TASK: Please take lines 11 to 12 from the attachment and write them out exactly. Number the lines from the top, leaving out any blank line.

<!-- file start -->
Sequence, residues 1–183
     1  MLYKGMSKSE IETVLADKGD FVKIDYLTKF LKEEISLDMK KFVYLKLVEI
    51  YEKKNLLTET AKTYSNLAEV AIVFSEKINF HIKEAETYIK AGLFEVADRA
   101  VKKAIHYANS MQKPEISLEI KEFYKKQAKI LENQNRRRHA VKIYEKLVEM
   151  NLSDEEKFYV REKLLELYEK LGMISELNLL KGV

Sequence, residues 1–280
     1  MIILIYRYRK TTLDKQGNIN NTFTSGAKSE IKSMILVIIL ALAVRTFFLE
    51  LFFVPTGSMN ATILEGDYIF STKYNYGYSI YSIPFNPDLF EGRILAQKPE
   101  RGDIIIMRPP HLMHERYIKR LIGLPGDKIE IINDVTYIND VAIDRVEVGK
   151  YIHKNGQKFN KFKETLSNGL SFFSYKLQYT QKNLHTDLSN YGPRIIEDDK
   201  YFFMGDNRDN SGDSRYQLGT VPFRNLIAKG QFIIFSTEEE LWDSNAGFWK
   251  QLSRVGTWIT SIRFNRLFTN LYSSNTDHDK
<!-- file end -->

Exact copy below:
   201  YFFMGDNRDN SGDSRYQLGT VPFRNLIAKG QFIIFSTEEE LWDSNAGFWK
   251  QLSRVGTWIT SIRFNRLFTN LYSSNTDHDK